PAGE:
National Astronomical Observatory of Japan

 Yukio Katsukawa

Foundation of my progress. Excited but pressured at the same time.

Advanced Technology Center

Risa Shimizu

This is my third year. I’m engaged in the designing of TMT and KAGRA.

I joined NAOJ back in April 2018, making this my third year. I spent the first two years training while engaged in designing and testing work through OJT (on-the-job training). My current duty is to first listen to design requests from NAOJ’s projects, such as TMT (Thirty Meter Telescope), KAGRA, and CLASP2; and then to design the requested products; create design drawings on a CAD system; place orders to produce them; and ultimately install the final products. I sometimes work from home when I’m mainly working on the computer.

In the design phase, I always ensure that not only do the products meet specifications, but also that they are easy to use and produce, and that their designs are slick. When placing an order, I create a design drawing for the manufacturer; it is important to specify the precision to which the product should be made. If the instructions are too complicated, the product will have more points to be checked against the drawing, and will get tougher to produce and cost us more. I still have many things to learn.

Risa Shimizu during the interview.

During job hunting, I experienced an internship at a private firm.

Actually, when I was in high school, I participated in a Regular Stargazing Party at NAOJ. At that time, I was wondering if I should study science or engineering at university. When I asked a researcher at NAOJ whom I met at the party, “Which subject should I choose?” she said, “You should choose engineering.” So, I decided to pursue engineering. I majored in precision engineering at university and graduate school. But during job hunting, I wondered if I might put an end to my academic career and did an internship at a private firm. I think this experience has broadened my perspective, but it also made me realize that I prefer to be a researcher or civil servant. I felt the private sector could not match research institutes in terms of the joy of creating new things and opening new frontiers.

I found a job opening at NAOJ on Twitter. It was just by chance. One of the assignments I was given as part of the recruitment exam was to “draw a plate fallen on the floor.” When I submitted my assignment, I was asked why my plate was broken in the center. When thinking about the answer to the question, I suddenly remembered a conversation at a university lecture, where my teacher explained how the impact propagates through a stick of chalk when it falls on the floor. I realized that everything I had learned so far was worthwhile no matter how trivial it might be. Even if a piece of memory is buried deep in my mind, knowing it and not knowing it are completely different.

“You have come to understand that you do not understand.”

After the designing team creates a drawing, we enter the manufacturing phase. What makes NAOJ a favorable environment is that it has its own on-campus factory, in addition to those located outside. When my instructions on manufacturing are insufficient, the people in charge will give me immediate feedback, or make up for the lack of information with their own skillful work. However, depending on them too much is not good for me because it will hinder the development of my designing skills.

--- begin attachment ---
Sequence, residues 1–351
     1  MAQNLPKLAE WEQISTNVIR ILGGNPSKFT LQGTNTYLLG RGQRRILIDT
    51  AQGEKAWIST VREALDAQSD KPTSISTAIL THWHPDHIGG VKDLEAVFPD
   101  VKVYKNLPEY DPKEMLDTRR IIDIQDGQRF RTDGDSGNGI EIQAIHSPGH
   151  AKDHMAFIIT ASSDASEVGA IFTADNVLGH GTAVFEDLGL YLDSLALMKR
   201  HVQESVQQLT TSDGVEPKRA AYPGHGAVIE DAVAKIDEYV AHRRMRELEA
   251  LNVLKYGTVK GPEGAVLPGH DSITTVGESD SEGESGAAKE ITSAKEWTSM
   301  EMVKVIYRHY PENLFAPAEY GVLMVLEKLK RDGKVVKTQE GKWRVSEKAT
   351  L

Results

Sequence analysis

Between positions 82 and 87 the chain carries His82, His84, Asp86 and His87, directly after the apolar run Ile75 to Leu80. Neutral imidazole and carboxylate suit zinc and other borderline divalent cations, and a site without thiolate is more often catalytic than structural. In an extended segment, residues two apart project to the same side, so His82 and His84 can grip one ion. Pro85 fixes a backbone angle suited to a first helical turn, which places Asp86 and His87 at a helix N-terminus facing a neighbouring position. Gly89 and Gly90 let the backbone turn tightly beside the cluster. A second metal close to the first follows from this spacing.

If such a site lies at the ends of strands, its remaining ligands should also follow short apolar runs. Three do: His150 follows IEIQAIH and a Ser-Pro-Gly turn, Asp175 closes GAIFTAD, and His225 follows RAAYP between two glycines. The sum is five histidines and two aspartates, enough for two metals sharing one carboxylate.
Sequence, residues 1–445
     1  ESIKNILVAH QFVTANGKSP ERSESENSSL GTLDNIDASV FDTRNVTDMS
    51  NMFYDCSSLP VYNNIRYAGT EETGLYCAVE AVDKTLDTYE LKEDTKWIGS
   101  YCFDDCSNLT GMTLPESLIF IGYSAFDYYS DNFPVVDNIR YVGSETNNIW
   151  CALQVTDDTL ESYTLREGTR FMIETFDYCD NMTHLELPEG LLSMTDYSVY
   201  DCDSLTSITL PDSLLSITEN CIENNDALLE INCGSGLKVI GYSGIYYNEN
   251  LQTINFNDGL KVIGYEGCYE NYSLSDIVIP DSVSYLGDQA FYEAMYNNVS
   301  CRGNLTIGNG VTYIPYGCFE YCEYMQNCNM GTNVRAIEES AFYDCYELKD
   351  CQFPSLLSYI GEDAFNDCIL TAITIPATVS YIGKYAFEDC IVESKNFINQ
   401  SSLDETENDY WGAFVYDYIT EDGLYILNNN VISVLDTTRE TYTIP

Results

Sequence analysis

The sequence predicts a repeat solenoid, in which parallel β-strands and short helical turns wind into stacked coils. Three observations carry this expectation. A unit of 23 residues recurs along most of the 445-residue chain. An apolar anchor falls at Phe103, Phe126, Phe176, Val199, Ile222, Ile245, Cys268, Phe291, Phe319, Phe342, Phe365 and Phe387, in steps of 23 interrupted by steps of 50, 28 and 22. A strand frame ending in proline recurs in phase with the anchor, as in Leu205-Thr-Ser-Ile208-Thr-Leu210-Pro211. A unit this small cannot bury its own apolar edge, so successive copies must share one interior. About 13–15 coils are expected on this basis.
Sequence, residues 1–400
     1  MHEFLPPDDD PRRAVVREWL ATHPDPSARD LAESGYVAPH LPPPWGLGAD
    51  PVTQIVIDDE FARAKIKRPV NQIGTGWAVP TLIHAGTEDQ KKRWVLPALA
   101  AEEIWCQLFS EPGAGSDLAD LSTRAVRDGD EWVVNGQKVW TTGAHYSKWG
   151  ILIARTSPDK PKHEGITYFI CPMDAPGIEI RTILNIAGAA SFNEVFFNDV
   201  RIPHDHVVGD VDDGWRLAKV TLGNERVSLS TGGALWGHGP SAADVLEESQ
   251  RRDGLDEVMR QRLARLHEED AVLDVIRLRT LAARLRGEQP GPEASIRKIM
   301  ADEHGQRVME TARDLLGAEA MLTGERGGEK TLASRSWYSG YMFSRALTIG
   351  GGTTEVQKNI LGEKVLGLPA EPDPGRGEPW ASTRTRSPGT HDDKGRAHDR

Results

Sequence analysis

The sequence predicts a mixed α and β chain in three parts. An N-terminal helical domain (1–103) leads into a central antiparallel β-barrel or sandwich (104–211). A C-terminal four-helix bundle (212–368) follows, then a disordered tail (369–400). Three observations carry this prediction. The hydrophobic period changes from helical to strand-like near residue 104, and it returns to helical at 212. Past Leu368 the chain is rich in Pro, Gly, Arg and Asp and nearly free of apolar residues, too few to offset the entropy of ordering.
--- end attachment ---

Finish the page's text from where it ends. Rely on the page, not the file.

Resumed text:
Over the past year, I have been working on an analytical technique called the Finite Elements Method. It is often said that analysis is like a “pie in the sky”—in other words, it is useless unless we apply appropriate boundary conditions. But no matter how I tried, I never succeeded. Discussing with my boss, I worked for an entire week, only to find myself at a dead end. “What was I working on for the last one week?” I felt discouraged, but my boss said, “At least you have come to understand that you do not understand.” I received no reprimand at all. He is always positive about failure, and thanks to that attitude, my analysis skills have improved greatly over the past year.

Risa Shimizu with people in charge of manufacturing at the on-campus factory.
Around her desk, there are various reference materials, CDs, and miniatures of her motorcycle.

I was excited when CLASP2 was successfully launched.

About a month after I arrived at NAOJ, I was taken to JAXA to see a vibration test for CLASP2. This was a test to check if its components could endure the vibrations during lift-off. The components were to be placed in a vibration tester and then shaken vigorously, and the difficult part was to determine how to add vibration. It would mean nothing if unnecessary vibration broke the components. People from JAXA, private firms, and NAOJ were discussing how to add vibration, and all I could do was to follow the discussion. But being part of the team was so exciting. Actually, I felt excited … but pressured at the same time. That feeling was partly because I had not been good at vibration engineering when I was a student, and this situation made me aware that I should study harder. I was totally overwhelmed by their wealth of experience and knowledge. After having such an experience, I was excited when, in 2019, CLASP2 was successfully launched and yielded important results, even though my contribution was minuscule.

Although I still tend to consult with other people on the design team while I work, I would like to be able to put all my knowledge and ideas into practice as soon as possible.

Risa Shimizu commutes by motorcycle.

Interview Date: December 17, 2020 / Published August 5, 2021
Interview & Article: Masami Usuda / Translation: Ryo Sato and Ramsey Lundock / Photo: Yutaka Iijima
With a few exceptions, the contents of this article are as of the interview date.